On February 27, 2002, the Commission on Water Resource Management (CWRM) adopted a proposal by the Kamehameha Schools (KS) to fully restore flows to three streams that feed the famous Hi`ilawe Twin Falls above Waipi`o Valley on the island of Hawai'i and on March 17, 2004, the State Water Commission confirmed their decision to grant the request. The restoration of these streams culminates years of effort by the Waipi`o Valley Community Association (WVCA) and others to stop the wasting of water by the Lalakea Ditch and to restore the streams.
Members of the Waipi`o Valley community were elated. "In supporting the restoration of these streams, Kamehameha Schools has demonstrated that they are more concerned with the environmental and cultural future of our islands than retaining a public asset in hopes of future profits," said Christopher Rathbun, Waipi`o Valley farmer and officer of the WVCA. "My hope is that other large stream diverters will follow their example," Chris said.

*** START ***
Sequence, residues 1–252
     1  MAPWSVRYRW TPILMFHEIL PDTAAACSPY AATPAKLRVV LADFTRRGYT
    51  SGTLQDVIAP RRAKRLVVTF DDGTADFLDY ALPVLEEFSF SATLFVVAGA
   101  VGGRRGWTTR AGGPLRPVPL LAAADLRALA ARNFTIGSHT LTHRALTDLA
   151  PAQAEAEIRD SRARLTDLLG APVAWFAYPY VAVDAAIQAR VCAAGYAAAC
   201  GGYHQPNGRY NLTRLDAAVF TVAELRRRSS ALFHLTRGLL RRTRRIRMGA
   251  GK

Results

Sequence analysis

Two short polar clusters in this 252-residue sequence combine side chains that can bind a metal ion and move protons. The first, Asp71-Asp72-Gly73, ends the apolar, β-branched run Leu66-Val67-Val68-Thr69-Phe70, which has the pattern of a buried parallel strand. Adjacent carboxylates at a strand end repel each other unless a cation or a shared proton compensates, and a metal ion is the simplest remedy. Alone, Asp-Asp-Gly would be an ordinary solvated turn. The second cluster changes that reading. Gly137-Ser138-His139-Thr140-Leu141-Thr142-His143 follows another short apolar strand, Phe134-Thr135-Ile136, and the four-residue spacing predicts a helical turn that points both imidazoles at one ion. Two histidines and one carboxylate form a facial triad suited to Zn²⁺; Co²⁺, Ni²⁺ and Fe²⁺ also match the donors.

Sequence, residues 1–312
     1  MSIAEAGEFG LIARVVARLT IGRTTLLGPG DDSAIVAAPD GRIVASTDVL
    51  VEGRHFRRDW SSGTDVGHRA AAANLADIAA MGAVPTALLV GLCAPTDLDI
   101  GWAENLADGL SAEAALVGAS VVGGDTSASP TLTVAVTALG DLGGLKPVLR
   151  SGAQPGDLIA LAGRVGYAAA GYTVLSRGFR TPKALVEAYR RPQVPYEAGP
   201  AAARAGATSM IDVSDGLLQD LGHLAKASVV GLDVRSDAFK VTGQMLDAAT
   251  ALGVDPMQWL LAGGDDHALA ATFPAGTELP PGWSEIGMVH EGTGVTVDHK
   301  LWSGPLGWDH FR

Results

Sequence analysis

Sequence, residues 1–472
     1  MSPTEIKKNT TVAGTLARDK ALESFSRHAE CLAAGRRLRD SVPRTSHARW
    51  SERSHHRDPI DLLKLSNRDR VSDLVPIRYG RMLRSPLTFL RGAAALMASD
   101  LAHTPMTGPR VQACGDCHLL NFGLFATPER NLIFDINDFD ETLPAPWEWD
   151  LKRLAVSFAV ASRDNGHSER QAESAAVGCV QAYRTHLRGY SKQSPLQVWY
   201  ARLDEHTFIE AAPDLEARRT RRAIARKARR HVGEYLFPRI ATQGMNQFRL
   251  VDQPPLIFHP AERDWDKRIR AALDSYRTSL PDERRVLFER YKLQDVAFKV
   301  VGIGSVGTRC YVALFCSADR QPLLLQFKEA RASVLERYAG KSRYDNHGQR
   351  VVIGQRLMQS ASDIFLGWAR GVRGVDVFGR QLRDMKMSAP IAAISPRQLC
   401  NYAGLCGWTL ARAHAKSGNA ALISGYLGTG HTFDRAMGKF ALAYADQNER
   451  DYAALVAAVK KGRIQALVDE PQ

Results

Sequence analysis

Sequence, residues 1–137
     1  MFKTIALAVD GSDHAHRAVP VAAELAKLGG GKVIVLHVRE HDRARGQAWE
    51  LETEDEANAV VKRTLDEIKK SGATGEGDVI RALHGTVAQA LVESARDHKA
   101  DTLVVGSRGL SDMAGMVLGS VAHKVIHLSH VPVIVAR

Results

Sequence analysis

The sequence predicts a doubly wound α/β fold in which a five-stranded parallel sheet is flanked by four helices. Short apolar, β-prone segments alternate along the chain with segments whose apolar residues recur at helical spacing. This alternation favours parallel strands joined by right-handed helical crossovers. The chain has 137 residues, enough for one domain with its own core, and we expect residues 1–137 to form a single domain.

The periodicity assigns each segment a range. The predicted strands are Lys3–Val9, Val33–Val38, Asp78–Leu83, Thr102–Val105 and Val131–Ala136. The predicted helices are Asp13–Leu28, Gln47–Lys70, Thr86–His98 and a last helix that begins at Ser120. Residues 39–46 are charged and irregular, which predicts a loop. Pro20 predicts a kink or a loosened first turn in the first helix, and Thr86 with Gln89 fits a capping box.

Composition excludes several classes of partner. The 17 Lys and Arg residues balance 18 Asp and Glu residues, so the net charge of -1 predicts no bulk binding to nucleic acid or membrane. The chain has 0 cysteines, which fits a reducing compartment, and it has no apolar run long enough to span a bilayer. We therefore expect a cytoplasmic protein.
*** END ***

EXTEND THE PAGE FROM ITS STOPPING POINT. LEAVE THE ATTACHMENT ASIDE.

Under natural conditions, Lalakea Stream, its tributary and Hakalaoa Stream flow over the pali above Waipi`o Valley as the famous Hi`ilawe Twin Falls. The twin falls are Hi`ilawe Falls to the west and Hakalaoa Falls to the east. The twin falls converge in a huge plunge pool at the bottom of the pali to form Hi`ilawe Stream, one of two primary waterways that flow through Waipi`o Valley to the ocean. Hi`ilawe Stream supports lo`i kalo, native stream life, productivity in nearshore waters, fishing, gathering and other traditional and customary Hawaiian practices.
The proposed restoration of these streams is only the second stream restoration in the history of the State Water Code, which was enacted in 1987. The first stream restoration under the code was the partial restoration of Waiahole, Waianu, and Waikane streams in Windward O`ahu.
The Lalakea Ditch began diverting the three streams in the early 1900s for sugarcane irrigation and processing. The water was last used by the Hamakua Sugar Company in 1989. In 1994, the KS obtained the Lalakea Ditch when it acquired Hamakua Sugar Company land. The ditch continued to divert an average of 2.5 million gallons of water a day from the three streams to the Lalakea Reservoir, where the unused water flowed into a dry gully.